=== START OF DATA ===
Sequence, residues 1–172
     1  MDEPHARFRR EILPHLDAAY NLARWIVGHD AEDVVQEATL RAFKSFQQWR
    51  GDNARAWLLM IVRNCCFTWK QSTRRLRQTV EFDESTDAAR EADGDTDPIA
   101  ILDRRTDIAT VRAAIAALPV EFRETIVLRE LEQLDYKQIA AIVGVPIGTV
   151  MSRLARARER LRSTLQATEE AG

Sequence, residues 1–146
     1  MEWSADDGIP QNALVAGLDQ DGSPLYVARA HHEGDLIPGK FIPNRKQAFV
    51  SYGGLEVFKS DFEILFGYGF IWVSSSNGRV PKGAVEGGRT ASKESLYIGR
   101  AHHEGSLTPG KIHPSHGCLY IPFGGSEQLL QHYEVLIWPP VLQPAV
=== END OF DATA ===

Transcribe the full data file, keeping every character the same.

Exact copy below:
Sequence, residues 1–172
     1  MDEPHARFRR EILPHLDAAY NLARWIVGHD AEDVVQEATL RAFKSFQQWR
    51  GDNARAWLLM IVRNCCFTWK QSTRRLRQTV EFDESTDAAR EADGDTDPIA
   101  ILDRRTDIAT VRAAIAALPV EFRETIVLRE LEQLDYKQIA AIVGVPIGTV
   151  MSRLARARER LRSTLQATEE AG

Sequence, residues 1–146
     1  MEWSADDGIP QNALVAGLDQ DGSPLYVARA HHEGDLIPGK FIPNRKQAFV
    51  SYGGLEVFKS DFEILFGYGF IWVSSSNGRV PKGAVEGGRT ASKESLYIGR
   101  AHHEGSLTPG KIHPSHGCLY IPFGGSEQLL QHYEVLIWPP VLQPAV